Reflections on work and life.

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We will work very differently tomorrow.

I will be attending Microsoft’s Worldwide Partner Conference (#WPC15), because I am keen to learn about how the world’s largest software company thinks about digital transformational effects and to discuss with Microsoft executives and partners how they think about the future. And also because I have been invited to give a speech together with David Geevaratne, NewSignature’s CSO about the Digital Workplace of the Future. If you’re attending WPC15 as well, come join our session or give me a ping, so we can meet!

Here’s a brief intro into our talk- three examples of why we will work very differently tomorrow and what it means for leadership of the future.

The saying „A fool with a tool is still a fool“ refers to the fact that the mere introduction of new technology is often not good enough as a solution. With the digital workplace radically changing the way we work, this is more than ever true.

Tomorrows workplace is not just a copy of todays, only faster and leaner, because IT is no longer just a driver for efficiency. On the contrary, IT impacts entire value chains and business models: The largest taxi company in the world? Uber, operates not a single car. The largest hotel chain in the world? AirBnB, owns not one single room. A supermarket in Korea? Not a retail site, but a poster in a subway station – customers order products using their smartphones and QR codes and while they ride home, their purchase is being shipped home as well. Critical successfactors of the past have become obsolete: No need to own cars, hotels, retail space.

And no need to come to the office anymore. Even knowledge workers were bound to the physical world just recently. We came to the office every morning because our means of production were there: Files, telephone, printers, fax machines and even our collegues. But with solutions such as Microsoft Office 365 we have those virtually in our pockets whereever we are. And with that, company structures and leadership principles change. Three examples:

1) Collaboration is key

Winston Taylor was one of the masterminds of the industrial world, he defined some of the core principles that made businesses successful in the last 100 years. Divison of labor is one of those. It sounds convincing: While it is difficult to manage the whole company with all its complexity, it is much more easy to divide it into smaller teams and manage those. But if we talk to managers across the world, very few face the challenge of how to divide labor – most have exactly the opposite problem: How do I get different departments to work together better, how do I break information silos in my company. In the past, the key to success was how to divide the company, tomorrows key to success is how to enhance collaboration. Solutions such as Microsoft Skype for Business allow for real time communication and collaboration in the most seamless way: Presence information, voice, video, shared documents.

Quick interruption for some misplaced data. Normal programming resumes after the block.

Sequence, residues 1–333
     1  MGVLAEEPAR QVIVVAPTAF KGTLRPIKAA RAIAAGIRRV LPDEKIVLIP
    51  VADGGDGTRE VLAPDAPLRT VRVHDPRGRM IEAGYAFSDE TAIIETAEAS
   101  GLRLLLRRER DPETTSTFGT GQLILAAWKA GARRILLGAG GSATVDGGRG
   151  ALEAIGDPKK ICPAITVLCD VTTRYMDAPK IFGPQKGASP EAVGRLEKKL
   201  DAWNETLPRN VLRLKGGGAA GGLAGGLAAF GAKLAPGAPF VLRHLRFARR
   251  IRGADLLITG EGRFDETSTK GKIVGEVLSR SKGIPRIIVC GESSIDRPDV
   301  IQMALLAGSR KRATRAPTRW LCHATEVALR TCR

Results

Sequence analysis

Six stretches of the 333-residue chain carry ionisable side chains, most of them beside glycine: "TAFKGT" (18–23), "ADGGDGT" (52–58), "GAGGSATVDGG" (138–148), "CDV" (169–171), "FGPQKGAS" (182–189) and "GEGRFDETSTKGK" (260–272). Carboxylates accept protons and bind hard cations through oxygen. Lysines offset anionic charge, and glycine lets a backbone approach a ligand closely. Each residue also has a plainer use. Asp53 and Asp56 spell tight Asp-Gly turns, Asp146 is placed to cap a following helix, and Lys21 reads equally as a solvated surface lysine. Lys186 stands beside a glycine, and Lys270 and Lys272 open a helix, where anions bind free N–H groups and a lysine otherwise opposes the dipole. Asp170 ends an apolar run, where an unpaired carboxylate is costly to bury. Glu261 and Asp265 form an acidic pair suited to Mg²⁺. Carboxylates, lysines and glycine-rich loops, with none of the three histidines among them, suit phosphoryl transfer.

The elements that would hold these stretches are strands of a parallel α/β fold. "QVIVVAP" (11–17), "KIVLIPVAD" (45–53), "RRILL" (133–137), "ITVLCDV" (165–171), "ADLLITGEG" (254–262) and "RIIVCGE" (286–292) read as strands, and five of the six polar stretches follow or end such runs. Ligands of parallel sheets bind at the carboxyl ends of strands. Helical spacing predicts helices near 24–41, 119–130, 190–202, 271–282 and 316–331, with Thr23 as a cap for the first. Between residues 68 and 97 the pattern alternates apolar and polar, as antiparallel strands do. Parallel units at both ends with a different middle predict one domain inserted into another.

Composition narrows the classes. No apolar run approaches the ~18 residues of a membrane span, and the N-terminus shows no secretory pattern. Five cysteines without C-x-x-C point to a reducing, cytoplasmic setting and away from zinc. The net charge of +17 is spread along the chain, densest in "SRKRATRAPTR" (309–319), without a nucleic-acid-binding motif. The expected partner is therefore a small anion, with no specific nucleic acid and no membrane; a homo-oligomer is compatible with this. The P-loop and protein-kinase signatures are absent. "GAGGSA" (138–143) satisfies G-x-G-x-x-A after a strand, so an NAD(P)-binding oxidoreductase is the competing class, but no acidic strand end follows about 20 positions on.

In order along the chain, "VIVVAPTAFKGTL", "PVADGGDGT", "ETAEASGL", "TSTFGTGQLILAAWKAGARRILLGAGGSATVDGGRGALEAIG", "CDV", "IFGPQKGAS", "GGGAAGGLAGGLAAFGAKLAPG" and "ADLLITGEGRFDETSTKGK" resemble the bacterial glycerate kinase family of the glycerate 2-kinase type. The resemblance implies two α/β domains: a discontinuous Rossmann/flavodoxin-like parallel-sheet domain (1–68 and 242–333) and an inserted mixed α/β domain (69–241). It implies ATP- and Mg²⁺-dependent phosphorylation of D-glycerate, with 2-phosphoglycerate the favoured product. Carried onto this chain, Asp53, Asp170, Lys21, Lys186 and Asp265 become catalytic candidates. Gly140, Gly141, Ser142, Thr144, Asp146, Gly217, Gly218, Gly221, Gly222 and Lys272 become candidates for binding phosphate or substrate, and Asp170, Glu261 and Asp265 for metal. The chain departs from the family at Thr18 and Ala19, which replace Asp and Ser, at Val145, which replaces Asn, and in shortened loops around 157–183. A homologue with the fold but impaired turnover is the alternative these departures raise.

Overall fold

2) Deciding under information overload

The idea that an increasing amount of information improves the quality of decisions is no longer valid. Anybody having the impression to receive too few e-mails? Getting information off the internet – and off company internal data sources – is like taking a drink from the water hose. The results are dramatic: Up to 48% of managers feel the amount of information that hits them on a daily basis is actually putting them under more stress than helping them; 9 out of 10 executives ignore data the receive if it disagrees with their intuition; and smartphone owners typically look at their devices display 150x per day. One of the scarcest ressources of the future will be our attention span. And it is not just behaviour that needs to adapt, we will need better IT solutions to help us filter the useful from the noise. PowerBI, a function in Office 365, is one of these technologies that enable decision makers and knowledge workers to make sense of big data.

3) New communication styles

With all the technologies in place, many people still use a very narrow range of communication tools: E-mail, telephone and texting (incl. “modern” texting such as Whatsapp). And even if we do use the full features of IT, we still have to learn how to be really productive: 65% of people in a conference call do some other work in parallel, 55% eat or prepare food, 43% are really just active on social media and 21% play online games or do some online shopping. Imagine how a meeting in the physical world would look like if it was run in a similar way. Which leads us back to the quote at the beginning: If we don’t want to stay fools with tools, we need partners who understand our business and how IT can and will impact it. Microsoft partners specialized in Office 365 and Cloud solutions frequently are not just technology providers but go much deeper in helping customers to change their way of working – and customers need to budget for that to make technology really productive for themselves.

Just three out of many examples that show that how deep the change of the digital workplace of the future goes. Tomorrow’s leaders will not only see their own personal work style change, but will need to rethink processes, culture and business models for the entire company. The changes that IT brings lead many managers to new territory – solid ground comes not only from pure technological solutions, but from integrated concepts that merge technology and business understanding.

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Einsortiert unter:Business, Future Of Work, IT & Social Media, Leadership

Impressum & Kontakt

Franz Kühmayer ist einer der einflussreichsten Vordenker zur Zukunft der Arbeit.
  
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Reflections Research & Consulting
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